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We were in tennis ball sized hail with our Redwood and truck this spring. The bad thing was the hail lasted 25 minuites. It was scary and sounded like it was tearing the roof off the coach. We did pull the slides in. Had one broken vent cover and several of the recessed light lens came off with one breaking. Surprisingly, the roof was not damaged. The truck has damage to the hood and roof. I have a new hood but have not had the time to paint it. Considering the size of the hail and length of the hail storm we consider ourselves lucky.
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Old 08-29-2014, 05:55 AM   #7
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We were in horizontal rain/wind near Souix Falls SD this spring, and we had quarter size hail in Rapid City SD. The hail took out one vent cover, which I've replaced with a better cover that will withstand hail. I agree that hail is the worst of my worries when traveling through the mid West during spring. We just had the weather sirens go off last Sunday night where we are staying for the summer in Chisago City, MN. Tornado watch and severe thunderstorms. We headed into my sisters cellar for a period of time while the severe weather pasted. Luckily no damage.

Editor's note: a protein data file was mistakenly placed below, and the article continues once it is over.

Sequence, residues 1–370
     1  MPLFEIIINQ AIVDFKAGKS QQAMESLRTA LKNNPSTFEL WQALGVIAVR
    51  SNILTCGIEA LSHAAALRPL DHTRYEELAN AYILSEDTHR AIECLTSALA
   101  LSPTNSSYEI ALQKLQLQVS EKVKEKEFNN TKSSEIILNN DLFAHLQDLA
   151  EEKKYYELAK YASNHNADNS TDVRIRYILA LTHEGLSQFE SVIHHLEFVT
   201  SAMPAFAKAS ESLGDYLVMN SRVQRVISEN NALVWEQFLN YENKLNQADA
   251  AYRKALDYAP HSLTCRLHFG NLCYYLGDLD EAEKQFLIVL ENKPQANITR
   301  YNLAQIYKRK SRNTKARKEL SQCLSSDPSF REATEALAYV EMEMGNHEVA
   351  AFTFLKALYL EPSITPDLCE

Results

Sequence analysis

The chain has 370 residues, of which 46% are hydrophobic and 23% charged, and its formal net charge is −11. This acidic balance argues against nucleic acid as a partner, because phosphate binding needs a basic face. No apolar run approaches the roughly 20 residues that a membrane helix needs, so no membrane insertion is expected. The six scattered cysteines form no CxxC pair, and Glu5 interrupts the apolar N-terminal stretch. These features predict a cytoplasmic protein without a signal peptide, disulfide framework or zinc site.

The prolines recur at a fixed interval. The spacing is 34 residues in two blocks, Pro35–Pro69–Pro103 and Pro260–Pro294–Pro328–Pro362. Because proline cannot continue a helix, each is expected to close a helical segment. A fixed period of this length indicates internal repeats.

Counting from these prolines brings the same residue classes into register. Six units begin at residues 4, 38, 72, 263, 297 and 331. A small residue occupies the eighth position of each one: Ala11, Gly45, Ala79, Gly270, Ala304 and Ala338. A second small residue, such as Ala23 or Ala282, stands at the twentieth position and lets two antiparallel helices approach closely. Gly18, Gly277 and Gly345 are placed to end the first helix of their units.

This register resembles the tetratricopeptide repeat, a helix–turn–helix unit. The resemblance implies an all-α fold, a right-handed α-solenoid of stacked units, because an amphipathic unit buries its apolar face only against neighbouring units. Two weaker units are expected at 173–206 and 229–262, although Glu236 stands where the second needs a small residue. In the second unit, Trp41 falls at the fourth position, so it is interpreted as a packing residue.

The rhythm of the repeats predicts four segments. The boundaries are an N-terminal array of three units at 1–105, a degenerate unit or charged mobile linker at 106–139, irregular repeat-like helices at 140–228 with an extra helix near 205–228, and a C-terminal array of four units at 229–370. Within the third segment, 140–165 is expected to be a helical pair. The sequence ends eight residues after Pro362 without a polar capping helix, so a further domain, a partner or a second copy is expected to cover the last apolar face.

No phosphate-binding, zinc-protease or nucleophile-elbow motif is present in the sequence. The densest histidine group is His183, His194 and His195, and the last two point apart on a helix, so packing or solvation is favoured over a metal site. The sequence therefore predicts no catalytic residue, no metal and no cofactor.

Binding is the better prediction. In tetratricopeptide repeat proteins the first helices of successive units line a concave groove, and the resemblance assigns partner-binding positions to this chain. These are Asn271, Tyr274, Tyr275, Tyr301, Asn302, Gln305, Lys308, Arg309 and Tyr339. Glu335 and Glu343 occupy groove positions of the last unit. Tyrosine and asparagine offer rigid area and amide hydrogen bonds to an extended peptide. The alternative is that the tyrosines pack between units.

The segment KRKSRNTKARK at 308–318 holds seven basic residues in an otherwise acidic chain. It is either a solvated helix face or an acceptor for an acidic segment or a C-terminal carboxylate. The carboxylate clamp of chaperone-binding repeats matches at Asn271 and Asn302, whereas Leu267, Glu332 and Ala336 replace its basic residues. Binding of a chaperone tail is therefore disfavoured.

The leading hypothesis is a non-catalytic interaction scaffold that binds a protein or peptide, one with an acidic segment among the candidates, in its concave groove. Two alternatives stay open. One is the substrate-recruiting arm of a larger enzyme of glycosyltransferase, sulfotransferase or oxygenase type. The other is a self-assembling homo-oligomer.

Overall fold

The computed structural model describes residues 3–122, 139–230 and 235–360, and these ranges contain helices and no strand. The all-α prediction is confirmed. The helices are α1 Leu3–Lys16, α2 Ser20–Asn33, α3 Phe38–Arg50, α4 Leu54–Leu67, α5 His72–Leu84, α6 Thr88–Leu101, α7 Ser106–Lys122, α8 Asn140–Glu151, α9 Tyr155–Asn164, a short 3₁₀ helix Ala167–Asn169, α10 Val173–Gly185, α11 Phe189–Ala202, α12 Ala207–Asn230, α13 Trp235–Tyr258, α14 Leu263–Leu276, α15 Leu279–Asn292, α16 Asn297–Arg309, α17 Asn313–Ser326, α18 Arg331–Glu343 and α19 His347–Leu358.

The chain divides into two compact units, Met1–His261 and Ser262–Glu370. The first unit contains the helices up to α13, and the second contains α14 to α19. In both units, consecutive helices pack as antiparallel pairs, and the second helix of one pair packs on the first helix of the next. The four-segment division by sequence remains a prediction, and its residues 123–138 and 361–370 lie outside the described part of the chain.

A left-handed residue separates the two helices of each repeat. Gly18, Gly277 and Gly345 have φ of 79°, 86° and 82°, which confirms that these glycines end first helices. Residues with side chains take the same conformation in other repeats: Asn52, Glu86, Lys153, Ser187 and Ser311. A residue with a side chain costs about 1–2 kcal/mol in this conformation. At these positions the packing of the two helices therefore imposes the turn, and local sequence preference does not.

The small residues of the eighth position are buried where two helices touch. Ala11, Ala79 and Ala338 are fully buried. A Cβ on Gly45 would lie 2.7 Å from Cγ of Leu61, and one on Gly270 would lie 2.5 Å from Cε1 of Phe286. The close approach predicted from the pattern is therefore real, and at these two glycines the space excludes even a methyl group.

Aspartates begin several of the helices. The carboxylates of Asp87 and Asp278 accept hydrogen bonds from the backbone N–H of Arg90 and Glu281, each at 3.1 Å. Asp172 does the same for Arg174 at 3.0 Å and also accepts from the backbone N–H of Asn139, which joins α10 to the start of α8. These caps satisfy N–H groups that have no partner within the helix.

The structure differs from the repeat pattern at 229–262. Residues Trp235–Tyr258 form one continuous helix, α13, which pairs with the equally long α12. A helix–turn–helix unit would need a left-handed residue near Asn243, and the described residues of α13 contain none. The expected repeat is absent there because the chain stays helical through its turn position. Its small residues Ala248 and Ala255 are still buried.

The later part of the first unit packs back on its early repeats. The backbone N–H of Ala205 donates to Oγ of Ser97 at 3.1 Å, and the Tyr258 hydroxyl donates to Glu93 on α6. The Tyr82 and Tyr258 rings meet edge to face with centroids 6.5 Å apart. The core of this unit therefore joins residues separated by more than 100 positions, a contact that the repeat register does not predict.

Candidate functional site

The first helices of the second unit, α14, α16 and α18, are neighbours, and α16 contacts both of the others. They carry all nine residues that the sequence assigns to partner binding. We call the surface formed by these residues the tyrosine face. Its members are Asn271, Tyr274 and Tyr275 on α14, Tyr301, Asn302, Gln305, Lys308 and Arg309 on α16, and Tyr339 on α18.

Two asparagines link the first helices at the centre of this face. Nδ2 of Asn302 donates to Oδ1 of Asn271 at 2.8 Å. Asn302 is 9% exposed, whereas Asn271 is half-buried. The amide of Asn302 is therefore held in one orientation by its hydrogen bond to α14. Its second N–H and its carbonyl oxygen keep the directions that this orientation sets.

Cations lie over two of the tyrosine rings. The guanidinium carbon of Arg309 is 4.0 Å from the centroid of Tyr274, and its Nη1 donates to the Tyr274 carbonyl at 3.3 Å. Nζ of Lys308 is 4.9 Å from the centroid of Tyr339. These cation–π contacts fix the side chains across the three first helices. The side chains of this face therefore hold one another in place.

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Old 08-29-2014, 06:40 AM   #8
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Hail is awful this year.

As stated, if you can pull in the slides, I think you are better off. I've been through many already in the Redwood and it makes your posterior end pucker! No damage so far. It seems these survive a little better than the truck might (truck may show damage and trailer none).